Things are moving fast this year. At just the halfway point of 2017, it feels like music has been upended, and no genre is more vital and dynamic right now than hip-hop. Seemingly every A-list star this side of the Throne has dropped a magnum opus (or, in Future’s case, two), with Jay Z and, possibly, Kanye on the way. A new class of upstarts—some long-heralded, some arriving seemingly out of nowhere—are finally realizing their debut full-lengths to great effects. And outside of hip-hop, music has been just as exciting. There are too many exciting albums from rising R&B acts, like Nick Hakim and 1-O.A.K. We’ve had some sideways pop greats drop (Khalid’s American Teen and Charli XCX’s Number One Angel). Meanwhile, the indie rock class of 2009 is apparently having its reunion, and we couldn’t be happier (the xx’s I See You and Dirty Projectors’ Dirty Projectors). If the rest of 2017 continues apace, we’re going to have trouble keeping up. These are our picks for the best albums of the year so far.
50. Nav, ‘Nav’
Image via Island Records
Label: XO, Republic
Released: February 24
Nav, the latest mysterious Canadian singer-producer to pop up, doesn’t have much music to his name (though he’s courted controversy for using the n-word, despite not being black). His self-titled debut, then, is the best introduction to the latest addition to the XO stable. Tracks like “Myself” and “Nav” show off his abilities, with a steady mix of bars and drug-addled tales. In content, it’s not very much removed from what made the XO head honcho famous. The standout track, “Some Way,” features Abel himself, with the two shredding back and forth for three minutes. With a new project entirely produced by Metro Boomin on the way, we’re about to see way more from Nav in the very near future. —Zach Frydenlund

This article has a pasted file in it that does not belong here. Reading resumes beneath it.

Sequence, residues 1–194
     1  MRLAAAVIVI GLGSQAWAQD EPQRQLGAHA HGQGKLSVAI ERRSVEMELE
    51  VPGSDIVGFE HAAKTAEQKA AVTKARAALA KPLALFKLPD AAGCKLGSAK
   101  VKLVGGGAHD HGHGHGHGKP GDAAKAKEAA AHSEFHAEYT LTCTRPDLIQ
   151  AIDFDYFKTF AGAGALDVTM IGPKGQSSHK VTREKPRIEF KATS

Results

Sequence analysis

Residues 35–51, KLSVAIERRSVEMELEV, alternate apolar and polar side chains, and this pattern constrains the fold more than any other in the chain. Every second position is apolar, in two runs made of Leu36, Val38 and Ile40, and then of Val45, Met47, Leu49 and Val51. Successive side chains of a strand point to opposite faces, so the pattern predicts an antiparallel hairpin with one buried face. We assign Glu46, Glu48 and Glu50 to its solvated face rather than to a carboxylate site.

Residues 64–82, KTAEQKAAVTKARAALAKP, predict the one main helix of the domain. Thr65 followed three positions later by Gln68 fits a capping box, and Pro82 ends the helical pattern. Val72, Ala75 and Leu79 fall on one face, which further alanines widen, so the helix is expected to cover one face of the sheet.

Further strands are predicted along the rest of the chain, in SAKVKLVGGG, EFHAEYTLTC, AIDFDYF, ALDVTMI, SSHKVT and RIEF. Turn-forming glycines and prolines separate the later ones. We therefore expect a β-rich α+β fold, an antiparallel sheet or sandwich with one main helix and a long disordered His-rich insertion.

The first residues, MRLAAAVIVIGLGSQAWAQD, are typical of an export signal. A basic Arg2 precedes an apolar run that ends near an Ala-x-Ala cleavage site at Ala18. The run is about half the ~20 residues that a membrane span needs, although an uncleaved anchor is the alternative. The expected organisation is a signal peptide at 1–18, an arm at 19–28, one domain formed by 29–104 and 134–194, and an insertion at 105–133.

49. Bryson Tiller, ‘True to Self’
Image via Trapsoul/RCA Records
Label: Trapsoul, RCA
Released: May 26
I did not enjoy Bryson Tiller’s Trapsoul when it dropped in 2015. However, it was undeniable that the Louisville R&B singer was carving out a lane for himself—even if I couldn’t appreciate it. The platinum-album status and huge singles and sold-out shows proved that. Fans were waiting for his sophomore effort while I stayed hating.
Of course, I still listened to Bryson’s True to Self as soon as it dropped. Like him or not, he’s someone you have to keep up with now—the mark of a star. And the results are solid. Coming from an admitted hater, that means something. I like the confrontational energy on “Blowing Smoke” and “Self-Made” is groovy. Still, the album is too long and when you listen front to back, it starts to sound like one really long song. That’s a problem, but not one that’s big enough to count out the strongest moments. —Zach Frydenlund